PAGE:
I started this blog with the aim of marrying the two worlds of interest I straddle: one as a visual artist and the other as an enthusiast of maritime history. As I delved into the origins of maritime art, one name kept coming up, that of Dutch painter Hendrick Cornelisz Vroom.
Vroom was born in Haarlem (in The Netherlands) in the early 1560s. His documented artistic career started with a mention of him as a painter of Delftware. At nineteen defied his father and began extensive travels through Spain, France, Poland and Italy, where gained patronage from the Cardinal Ferdinand de’ Medici and met the painter Paulus Bril.
After returning to Haarlem in 1590, he began developing his career as a marine painter. A notable commission from the English Lord Admiral, Lord Howard of Effingham (Earl of Nottingham from 1596) saw Vroom design ten tapestries commemorating the Admirals his victory over the Spanish Armada.
Vroom is regarded as the father of marine painting, beginning with the “birds-eye” view of earlier Dutch marine art, while his later works showed a viewpoint much lower and with more realistic depiction of the sea and included extraordinary detail and accuracy in the ships’ rigging and design. As the Dutch rose to become a leading maritime power, Vroom pioneered marine painting as a specialist art form and worked widely in Europe gaining international attention.
Vroom, not only had traveled all around Europe by sea but was once ship wrecked on a journey to Portugal, and on his return to Haarlem from that adventure it was reported that he got off the ship at the last minute acting on a premonition. While that choice branded him “a crazy painter” at the time, the vessel did indeed sink in the Øresund near Helsingor, thus Vroom was reported dead in his home of Haarlem. His wife shortly received his letter to the contrary.
Vroom died in Haarlem early in 1640.
Hendrick Cornelisz Vroom’s works are located in the Rijksmuseum Amsterdam in Amsterdam, The Metropolitan Museum of Art, The Royal Collection, and the National Maritime Museum London and other important collections.
Footnote: In an earlier version of this blog post, I had used the painting below as an example of Hendrick Cornelisz Vroom’s work, however further investigation turned up the new that in 1983, the unsigned painting was attributed to Cornelis Claesz van Wieringen.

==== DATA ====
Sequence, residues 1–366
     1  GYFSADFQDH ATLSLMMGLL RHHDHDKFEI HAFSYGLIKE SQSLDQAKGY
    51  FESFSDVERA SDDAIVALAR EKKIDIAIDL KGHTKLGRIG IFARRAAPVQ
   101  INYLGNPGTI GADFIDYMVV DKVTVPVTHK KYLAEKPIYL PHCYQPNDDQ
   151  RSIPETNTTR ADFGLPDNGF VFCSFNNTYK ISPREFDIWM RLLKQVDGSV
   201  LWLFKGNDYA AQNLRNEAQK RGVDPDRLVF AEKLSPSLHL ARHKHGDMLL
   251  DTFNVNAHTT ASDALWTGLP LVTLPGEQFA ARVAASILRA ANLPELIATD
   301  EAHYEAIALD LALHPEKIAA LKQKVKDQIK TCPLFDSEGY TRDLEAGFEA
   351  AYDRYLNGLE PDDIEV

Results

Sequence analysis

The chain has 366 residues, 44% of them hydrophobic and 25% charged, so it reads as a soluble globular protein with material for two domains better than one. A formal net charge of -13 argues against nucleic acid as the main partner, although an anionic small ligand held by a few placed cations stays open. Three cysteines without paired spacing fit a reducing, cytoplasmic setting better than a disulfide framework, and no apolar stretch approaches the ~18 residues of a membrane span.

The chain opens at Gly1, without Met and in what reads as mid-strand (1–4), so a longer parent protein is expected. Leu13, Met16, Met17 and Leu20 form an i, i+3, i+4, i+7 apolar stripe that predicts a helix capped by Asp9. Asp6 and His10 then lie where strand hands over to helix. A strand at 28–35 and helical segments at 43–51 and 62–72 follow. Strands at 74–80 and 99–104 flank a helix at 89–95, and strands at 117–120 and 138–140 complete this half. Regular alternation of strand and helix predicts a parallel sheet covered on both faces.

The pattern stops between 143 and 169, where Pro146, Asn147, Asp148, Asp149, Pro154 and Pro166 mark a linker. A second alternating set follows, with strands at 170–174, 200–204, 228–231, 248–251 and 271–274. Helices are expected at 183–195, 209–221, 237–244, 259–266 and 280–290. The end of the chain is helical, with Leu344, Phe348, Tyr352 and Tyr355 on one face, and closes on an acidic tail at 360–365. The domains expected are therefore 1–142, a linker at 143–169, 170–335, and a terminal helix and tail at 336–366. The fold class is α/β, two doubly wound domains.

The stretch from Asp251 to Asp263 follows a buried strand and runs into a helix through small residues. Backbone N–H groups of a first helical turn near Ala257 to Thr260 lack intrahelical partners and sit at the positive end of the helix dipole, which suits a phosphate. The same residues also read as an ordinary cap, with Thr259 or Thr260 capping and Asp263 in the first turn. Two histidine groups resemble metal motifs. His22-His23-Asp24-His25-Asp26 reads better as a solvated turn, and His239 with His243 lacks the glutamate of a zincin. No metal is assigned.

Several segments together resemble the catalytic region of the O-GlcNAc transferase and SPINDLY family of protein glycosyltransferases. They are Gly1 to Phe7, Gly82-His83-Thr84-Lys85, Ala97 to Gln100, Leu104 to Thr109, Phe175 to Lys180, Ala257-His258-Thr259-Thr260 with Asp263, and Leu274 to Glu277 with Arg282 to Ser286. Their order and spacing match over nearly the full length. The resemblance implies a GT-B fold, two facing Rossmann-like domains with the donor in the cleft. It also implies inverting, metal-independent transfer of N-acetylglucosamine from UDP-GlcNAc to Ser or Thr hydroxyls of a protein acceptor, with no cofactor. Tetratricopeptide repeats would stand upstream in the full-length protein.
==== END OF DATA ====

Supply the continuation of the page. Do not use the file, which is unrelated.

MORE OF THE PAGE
“In 1621 the head of the Admiralty of Amsterdam Prince Maurice (Mauritz) decided to get a new painting for his newly built residence in the Stadtholder Quarter in The Hague. Initially Hendrick Vroom was contracted to make a draft. Vroom requested an astronomical sum of 6000 florins. The negotiations stalled, and, after Vroom left the meeting, “calling out words of insolence”, it was concluded that the task should also be given to “another good Master in this Art, so that one could decide, who of the two is better and whom the contract is to be awarded”. Two officials travelled to Haarlem and visited there the studios of both Vroom and van Wieringen. The works of the latter made a very good impression and he was asked to make a draft picture “of two ships, eight foot wide and five foot high”.”
MARTIN COX - Founder and publisher of MaritimeMatters, inspired by maritime culture and technology growing up in the port of Southampton. He works as a photographer in Los Angeles, and his works has been exhibited in LA, San Francisco, New York, London and Iceland. Martin is the co-writer of the book “Hollywood to Honolulu; the story of the Los Angeles Steamship Company” published by the Steam Ship Historical Society of America. The Los Angeles Maritime Museum has commissioned artworks and collected his photographs.